1099: Degenerate PCR for Detection of Viral, Bacterial, and Rickettsial Genera in Pugs and Maltese Dogs with Necrotizing and Granulomatous Meningoencephalitis

Grant Status: Closed

Grant Amount: $67,612.5
Scott J Schatzberg, DVM, PhD; University of Georgia
January 1, 2009 - December 31, 2010

Sponsor(s): American Boxer Charitable Foundation

Breed(s): Maltese, Pug
Research Program Area: Neurology
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Project Summary

The work at UGA-CVM is focused on studying the molecular basis and potential factors that contribute to the pathogenesis of necrotizing (NME) and granulomatous meningoencephalitis (GME) in pug and maltese dogs. The hypothesis is that these problems of brain inflammation result from a combination of genetic and environmental factors. In this investigation funded by AKC-CHF, the investigators have evaluated neural tissues (brains and spinal fluid) for nucleic acids (DNA and RNA) for pathogens (environmental factors) that might be associated with brain inflammation in these breeds. To date, they have screened brains and CSF samples from many confirmed cases of GME and NME. The proposed methods utilized a technique called the polymerase chain reaction (PCR) which has inherent limitations. However, we have shown that dogs with pug and maltese encephalitis are PCR negative for many families of viruses. This is an important step. Since the grant was funded, we have entered a collaboration with a leading laboratory that utilizes extremely broadly reactive viral detection methods and we have now screened 12 cases of pug and maltese encephalitis with these novel methodologies. Excitingly, this data has shown an important difference between the "DNA signatures" between the encephalitis and normal brains, suggesting that herpesviruses may be present in the affected dogs. Further work is needed to validate this data and is ongoing in the Schatzberg laboratory. Finally, it is noteworthy that we previously demonstrated a lack of DNA from pathogens that are transmitted by ticks (including rocky mountain spotted fever, lyme disease, and others). During a traditional encephalitis work-up, we screen for these pathogens. Knowing that these pathogens are not involved in pug and maltese encephalitis allows the pet owners to put their resources into other diagnostic tests and treatments.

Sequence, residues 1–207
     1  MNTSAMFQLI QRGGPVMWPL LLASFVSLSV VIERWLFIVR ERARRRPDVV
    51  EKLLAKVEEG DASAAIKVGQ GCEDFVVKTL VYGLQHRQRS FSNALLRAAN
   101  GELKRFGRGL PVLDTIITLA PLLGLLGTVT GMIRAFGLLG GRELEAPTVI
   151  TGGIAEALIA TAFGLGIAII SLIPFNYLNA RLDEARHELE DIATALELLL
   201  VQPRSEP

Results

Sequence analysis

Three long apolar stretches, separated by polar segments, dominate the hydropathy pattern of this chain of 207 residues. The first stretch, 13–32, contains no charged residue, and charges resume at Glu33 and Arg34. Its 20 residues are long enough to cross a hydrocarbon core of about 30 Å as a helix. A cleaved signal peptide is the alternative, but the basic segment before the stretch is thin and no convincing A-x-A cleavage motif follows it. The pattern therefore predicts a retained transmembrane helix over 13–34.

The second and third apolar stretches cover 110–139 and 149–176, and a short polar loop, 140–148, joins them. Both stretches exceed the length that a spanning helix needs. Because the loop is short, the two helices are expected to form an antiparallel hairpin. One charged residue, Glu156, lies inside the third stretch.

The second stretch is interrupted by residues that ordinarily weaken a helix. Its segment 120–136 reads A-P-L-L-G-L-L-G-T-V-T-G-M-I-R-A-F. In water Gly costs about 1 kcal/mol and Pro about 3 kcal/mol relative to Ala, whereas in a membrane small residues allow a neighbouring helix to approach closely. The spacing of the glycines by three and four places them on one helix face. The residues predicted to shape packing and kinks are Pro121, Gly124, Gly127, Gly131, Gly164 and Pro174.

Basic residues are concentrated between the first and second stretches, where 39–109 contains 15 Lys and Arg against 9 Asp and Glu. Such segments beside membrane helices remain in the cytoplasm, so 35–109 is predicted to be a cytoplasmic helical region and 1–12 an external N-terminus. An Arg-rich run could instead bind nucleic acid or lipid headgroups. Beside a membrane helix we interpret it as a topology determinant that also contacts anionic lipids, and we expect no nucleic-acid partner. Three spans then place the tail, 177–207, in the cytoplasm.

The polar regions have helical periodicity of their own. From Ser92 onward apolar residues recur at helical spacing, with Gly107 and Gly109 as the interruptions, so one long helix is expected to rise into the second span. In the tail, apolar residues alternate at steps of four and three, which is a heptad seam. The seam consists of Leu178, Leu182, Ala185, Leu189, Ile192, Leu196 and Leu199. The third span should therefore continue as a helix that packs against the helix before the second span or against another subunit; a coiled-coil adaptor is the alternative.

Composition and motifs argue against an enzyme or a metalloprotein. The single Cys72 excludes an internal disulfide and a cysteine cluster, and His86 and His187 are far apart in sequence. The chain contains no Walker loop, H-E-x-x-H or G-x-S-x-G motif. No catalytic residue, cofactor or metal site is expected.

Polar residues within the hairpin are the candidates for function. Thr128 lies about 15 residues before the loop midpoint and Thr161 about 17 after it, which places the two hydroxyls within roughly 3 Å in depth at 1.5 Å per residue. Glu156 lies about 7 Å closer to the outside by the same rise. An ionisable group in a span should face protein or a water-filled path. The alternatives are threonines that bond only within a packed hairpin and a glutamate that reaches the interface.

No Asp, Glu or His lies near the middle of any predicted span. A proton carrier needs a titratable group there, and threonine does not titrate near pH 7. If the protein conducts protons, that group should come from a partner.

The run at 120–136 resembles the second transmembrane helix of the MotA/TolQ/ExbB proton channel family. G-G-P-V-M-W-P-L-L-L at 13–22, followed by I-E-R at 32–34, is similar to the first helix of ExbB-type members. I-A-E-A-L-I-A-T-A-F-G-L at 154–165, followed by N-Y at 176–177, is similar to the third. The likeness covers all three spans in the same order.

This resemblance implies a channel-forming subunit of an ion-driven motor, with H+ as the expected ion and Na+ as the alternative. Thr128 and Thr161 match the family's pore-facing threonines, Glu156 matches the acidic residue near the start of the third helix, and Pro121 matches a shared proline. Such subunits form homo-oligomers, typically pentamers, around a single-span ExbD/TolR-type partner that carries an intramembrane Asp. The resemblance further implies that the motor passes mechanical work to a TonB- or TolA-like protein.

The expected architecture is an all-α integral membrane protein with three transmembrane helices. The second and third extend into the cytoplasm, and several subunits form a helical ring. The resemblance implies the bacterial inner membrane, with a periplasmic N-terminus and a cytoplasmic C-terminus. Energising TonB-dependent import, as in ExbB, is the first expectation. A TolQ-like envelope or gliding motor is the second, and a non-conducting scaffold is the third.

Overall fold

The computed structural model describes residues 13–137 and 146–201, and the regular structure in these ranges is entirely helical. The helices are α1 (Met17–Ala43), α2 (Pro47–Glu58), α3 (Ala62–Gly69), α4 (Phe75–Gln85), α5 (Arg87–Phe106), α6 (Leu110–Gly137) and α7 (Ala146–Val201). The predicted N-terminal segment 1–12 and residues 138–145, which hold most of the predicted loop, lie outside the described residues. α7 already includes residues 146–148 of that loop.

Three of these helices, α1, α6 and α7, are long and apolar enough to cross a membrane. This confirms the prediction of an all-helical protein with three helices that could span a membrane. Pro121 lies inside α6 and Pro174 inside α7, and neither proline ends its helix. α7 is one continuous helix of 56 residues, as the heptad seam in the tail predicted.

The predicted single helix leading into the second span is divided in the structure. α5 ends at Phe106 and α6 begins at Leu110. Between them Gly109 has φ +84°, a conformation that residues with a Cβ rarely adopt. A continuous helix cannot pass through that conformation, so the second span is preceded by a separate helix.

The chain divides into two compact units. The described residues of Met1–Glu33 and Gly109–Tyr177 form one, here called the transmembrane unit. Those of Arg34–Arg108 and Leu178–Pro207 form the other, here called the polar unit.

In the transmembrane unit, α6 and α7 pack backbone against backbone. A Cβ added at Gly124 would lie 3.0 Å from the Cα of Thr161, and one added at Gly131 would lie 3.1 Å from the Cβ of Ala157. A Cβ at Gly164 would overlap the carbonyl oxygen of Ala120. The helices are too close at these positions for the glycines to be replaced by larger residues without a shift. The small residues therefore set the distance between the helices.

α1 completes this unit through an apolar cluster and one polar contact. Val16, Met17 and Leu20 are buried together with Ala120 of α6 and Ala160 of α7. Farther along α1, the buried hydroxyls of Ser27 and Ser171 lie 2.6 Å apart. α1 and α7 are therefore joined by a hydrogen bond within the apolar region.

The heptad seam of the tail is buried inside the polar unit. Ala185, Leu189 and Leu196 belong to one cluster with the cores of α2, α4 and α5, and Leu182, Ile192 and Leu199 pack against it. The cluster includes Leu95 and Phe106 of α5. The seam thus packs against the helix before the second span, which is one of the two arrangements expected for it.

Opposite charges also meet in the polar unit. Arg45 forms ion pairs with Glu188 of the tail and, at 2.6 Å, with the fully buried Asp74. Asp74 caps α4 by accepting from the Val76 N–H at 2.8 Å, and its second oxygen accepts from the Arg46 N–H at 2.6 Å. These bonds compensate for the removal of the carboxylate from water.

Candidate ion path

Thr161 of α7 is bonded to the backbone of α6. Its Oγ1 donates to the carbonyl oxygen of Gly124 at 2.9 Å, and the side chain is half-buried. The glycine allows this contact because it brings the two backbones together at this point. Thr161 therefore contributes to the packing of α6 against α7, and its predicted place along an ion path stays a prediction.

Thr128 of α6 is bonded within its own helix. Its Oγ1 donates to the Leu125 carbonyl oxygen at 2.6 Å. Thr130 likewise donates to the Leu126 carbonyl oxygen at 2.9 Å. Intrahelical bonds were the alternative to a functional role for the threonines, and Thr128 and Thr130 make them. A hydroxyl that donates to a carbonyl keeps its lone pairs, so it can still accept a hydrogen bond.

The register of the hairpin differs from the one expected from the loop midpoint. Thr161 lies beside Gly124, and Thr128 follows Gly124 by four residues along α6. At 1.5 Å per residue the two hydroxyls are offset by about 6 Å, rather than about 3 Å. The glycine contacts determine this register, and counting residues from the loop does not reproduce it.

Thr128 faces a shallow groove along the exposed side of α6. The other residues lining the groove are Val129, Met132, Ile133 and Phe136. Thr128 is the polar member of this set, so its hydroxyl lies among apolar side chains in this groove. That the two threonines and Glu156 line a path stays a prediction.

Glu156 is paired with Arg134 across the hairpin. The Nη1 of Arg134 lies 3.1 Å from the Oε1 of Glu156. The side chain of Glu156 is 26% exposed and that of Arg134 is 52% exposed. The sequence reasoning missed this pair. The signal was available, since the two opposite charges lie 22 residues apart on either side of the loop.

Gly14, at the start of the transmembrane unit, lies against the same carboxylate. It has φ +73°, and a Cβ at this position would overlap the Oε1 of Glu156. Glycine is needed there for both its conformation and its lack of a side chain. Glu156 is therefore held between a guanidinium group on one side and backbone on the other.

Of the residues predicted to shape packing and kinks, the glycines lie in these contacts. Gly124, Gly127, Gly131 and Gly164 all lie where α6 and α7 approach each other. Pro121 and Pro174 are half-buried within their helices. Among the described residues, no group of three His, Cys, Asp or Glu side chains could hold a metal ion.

Barber, R. M., Li, Q., Diniz, P. P. V. P., Porter, B. F., Breitschwerdt, E. B., Claiborne, M. K., … Schatzberg, S. J. (2010). Evaluation of Brain Tissue or Cerebrospinal Fluid with Broadly Reactive Polymerase Chain Reaction for Ehrlichia, Anaplasma , Spotted Fever Group Rickettsia, Bartonella, and Borrelia Species in Canine Neurological Diseases (109 Cases). Journal of Veterinary Internal Medicine, 24(2), 372–378. https://doi.org/10.1111/j.1939-1676.2009.0466.x
Nghiem, P. P., & Schatzberg, S. J. (2010). Conventional and molecular diagnostic testing for the acute neurologic patient. Journal of Veterinary Emergency and Critical Care, 20(1), 46–61. https://doi.org/doi:10.1111/j.1476-4431.2009.00495.x
Schatzberg, S. J., Li, Q., Porter, B. F., Barber, R. M., Claiborne, M. K., Levine, J. M., … Tong, S. (2009). Broadly Reactive Pan-Paramyxovirus Reverse Transcription Polymerase Chain Reaction and Sequence Analysis for the Detection of Canine Distemper Virus in a Case of Canine Meningoencephalitis of Unknown Etiology. Journal of Veterinary Diagnostic Investigation, 21(6), 844–849. https://doi.org/10.1177/104063870902100613
Talarico, L. R., & Schatzberg, S. J. (2010). Idiopathic granulomatous and necrotising inflammatory disorders of the canine central nervous system: A review and future perspectives. Journal of Small Animal Practice, 51(3), 138–149. https://doi.org/10.1111/j.1748-5827.2009.00823.x

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